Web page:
“My ‘inside sources’ claim everyone is on the juice! This guy says that it’s possible to beat the tests!” It draws in the eyeballs. Hell, in the last thread here we had MMA “Journalist” Snowden in here with vague comments about Gross having inside sources, that of course they couldn’t quote or name. Tabloid all the way.

    Sadly it’s the internet and more eyeballs trumps accuracy any day, so this tabloid school of writing will continue.

  2. 45 Huddle says:

    This is a very well thought out, candid response. Much better then anything Gross has said recently. And he backs it up with facts.

  3. LOL he barely read any of the criticisms. Still hasn’t read the actual science he put forth as proof. Dude is either trolling or mentally ill. Best part are the people who read this slop and nod.

    • 45 Huddle says:

      The bashing of him was mainly off the sensationlist journalism that is mentioned above. It holds zero weight.

      His position in the discussion is far more stable then most people present.

      • His position is basically “I don’t want to believe fighters are using steroids and so you can’t tell me that they do.” He then uses a terrible piece of support to justify that claim. If that is what qualifies as a stable voice in the discussion, the discussion is over.

        • Michael says:

          Alan can you give any evidence to support your opinion that there is a steroid problem in MMA?

        • Like I said in the last thread: What those journalists have said along with what fighters have said (Dan Hardy had a rather pointed quote about PED use last year) both indicate that the parties involved seem to believe that use of performance enhancing drugs is at a much higher level than is currently being found by the testing system. By any review of the testing system, it lacks in comparison to any major sport in terms of out of competition and or random competition testing, making it a poor system to catch or dissuade PED use.

          So yes, you can argue its hearsay. Of course, it is hearsay from people who have relevant connections to the sport. It would be like denying that NCAA football and basketball players receive benefits from sports agents after the Josh Luchs SI piece this past week simply because its largely hearsay and conjecture.

        • Mark says:

          Journos aren’t going to rat out their sources. You can’t expect a bunch of guys who don’t even have the balls to tell Dana White he’s wrong about an issue to say “Yeah, Fighter X told me last Wednesday Fighter Z has a new HGH source just in time for his title fight.” It’s all going to be anonymous. And that’s if they even mention it. Most just sit on it and allude to it from time to time.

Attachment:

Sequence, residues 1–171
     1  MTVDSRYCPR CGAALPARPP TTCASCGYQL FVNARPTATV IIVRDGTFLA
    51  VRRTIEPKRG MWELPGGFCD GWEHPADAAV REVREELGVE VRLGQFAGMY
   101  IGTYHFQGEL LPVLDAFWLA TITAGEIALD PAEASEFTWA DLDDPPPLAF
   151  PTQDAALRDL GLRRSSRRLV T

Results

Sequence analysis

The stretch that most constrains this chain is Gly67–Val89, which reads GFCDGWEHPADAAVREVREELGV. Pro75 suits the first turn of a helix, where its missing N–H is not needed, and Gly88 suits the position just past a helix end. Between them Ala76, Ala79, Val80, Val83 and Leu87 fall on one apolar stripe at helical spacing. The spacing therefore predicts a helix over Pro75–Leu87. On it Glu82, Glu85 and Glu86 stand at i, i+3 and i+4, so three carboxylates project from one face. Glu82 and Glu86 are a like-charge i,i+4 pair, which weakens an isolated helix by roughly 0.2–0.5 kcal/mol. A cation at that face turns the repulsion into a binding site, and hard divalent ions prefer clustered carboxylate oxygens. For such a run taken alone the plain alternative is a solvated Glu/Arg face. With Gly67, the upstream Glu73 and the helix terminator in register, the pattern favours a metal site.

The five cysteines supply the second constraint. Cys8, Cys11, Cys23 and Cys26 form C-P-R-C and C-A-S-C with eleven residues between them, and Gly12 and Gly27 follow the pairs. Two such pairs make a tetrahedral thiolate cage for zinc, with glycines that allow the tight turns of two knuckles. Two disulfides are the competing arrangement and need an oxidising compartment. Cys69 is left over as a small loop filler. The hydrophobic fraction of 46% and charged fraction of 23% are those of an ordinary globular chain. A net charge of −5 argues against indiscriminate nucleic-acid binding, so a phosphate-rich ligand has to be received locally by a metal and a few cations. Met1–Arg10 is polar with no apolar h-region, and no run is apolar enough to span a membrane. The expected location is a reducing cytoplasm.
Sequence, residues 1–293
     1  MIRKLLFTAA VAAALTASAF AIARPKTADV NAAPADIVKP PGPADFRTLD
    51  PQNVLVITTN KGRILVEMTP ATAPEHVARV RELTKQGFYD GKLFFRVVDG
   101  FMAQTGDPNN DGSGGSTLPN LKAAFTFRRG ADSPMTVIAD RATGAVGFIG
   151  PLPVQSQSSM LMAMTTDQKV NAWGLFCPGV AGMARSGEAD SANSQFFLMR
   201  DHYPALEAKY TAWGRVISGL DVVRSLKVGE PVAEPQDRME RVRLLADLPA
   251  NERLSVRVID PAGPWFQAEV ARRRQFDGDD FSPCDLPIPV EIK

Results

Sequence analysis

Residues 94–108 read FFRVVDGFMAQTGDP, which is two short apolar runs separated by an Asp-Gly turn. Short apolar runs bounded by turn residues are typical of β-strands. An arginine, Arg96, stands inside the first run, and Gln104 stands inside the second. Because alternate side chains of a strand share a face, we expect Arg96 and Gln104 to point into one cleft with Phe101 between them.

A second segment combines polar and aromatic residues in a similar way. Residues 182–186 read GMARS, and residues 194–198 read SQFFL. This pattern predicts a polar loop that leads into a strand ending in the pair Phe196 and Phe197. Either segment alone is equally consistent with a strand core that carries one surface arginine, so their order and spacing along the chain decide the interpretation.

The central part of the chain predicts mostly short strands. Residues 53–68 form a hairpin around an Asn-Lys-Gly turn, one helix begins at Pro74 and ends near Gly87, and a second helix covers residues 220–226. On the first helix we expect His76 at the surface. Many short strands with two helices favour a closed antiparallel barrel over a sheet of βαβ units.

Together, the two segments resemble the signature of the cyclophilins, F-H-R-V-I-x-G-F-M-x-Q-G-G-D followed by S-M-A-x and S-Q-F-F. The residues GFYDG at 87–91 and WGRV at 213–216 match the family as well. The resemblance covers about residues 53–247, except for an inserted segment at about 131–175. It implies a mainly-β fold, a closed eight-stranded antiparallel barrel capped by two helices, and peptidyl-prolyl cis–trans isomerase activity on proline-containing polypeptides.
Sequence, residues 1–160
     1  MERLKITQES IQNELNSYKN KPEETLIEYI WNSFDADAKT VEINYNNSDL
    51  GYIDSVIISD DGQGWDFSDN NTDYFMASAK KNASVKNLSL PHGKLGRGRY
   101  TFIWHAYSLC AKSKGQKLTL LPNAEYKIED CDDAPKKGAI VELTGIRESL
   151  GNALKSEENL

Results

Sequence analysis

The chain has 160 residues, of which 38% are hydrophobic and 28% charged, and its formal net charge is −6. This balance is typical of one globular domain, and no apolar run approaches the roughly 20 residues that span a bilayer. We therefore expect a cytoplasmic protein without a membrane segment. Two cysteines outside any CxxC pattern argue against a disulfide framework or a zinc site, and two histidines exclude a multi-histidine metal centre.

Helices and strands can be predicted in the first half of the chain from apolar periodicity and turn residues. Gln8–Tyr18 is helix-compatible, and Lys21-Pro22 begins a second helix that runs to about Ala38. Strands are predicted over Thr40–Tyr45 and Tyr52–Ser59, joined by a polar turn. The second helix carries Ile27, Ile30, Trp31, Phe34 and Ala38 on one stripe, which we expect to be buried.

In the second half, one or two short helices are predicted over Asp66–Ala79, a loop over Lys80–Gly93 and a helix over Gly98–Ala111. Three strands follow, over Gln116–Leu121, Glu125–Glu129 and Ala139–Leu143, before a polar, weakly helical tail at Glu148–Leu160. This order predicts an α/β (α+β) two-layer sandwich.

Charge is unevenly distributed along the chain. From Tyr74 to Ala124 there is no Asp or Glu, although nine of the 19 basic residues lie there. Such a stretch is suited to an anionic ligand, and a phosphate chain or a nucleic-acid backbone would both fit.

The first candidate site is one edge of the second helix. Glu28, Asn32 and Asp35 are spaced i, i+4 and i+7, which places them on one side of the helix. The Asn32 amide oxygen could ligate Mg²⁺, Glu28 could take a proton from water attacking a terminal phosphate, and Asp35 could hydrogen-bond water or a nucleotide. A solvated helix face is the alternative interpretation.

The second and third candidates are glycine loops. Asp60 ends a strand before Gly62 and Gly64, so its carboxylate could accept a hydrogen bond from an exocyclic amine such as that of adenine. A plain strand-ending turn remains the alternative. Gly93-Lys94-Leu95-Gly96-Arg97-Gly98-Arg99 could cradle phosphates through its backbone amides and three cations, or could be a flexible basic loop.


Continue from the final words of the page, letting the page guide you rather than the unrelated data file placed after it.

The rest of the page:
And remember the MLB steroid scandal. The anonymous sources naming names of juicers were all right. Bonds, McGwire, Sosa, Giambi, Palmero, Clemens: they all had guys saying they were doping anonymously and they eventually were proven right. I believe the rumor cycle about cyclists doping also was proven accurate. So is it really a stretch to say MMA could be the same way?

          And as for Pepe, he really needs a co-host. That’s why most podcasts have 2 people, because when you’re talking to somebody you don’t speak in incredibly lengthy monologues as Larry has done these two times. You know you’re talking to someone so you edit yourself down to the basics. You wouldn’t have a conversation where you speak nonstop that long.

        • Mark says:

          On a side note: I know it isn’t the same guy: but Lary Pepe’s Google search came up with a bodybuilding book by Larry Pepe for irony: http://www.muscleradio.com/images/PreContestBibleCover.jpg

        • Mark is on point. Same exact Larry Pepe, says Bodybuilding.com.

  4. Michael says:

    So the correct answer Alan is no you don’t have any evidence to support your opinion

    • If the best response that can be mustered to “How can you believe the drug testing system is broken?” can be “Prove it with negatives generated by the drug testing system” then we are at a logical impasse.

  5. Mark says:

    Also, he conveniently leaves out the #1 reason of why you would lie even after you’ve left the sport about doping for the NFL deal he harps on: having your achievements tainted. Who wants to go down in history as Barry Bonds?

    And actually, hair tests are the best drug test. But they’re even more expensive to do than blood tests.

    • edub says:

      This.

      Barry Bonds should be considered the best baseball player of all time. He has 7 MVP’s, 4 consecutive, .444 career OBP, Only person in 500-500 club, .298 career BA, 8 gold gloves, and is the career leader in walks/intetional walks/homeruns.

      But he’ll never even get into the HOF.

      Really hair tests? I thought those worked only for drugs of abuse?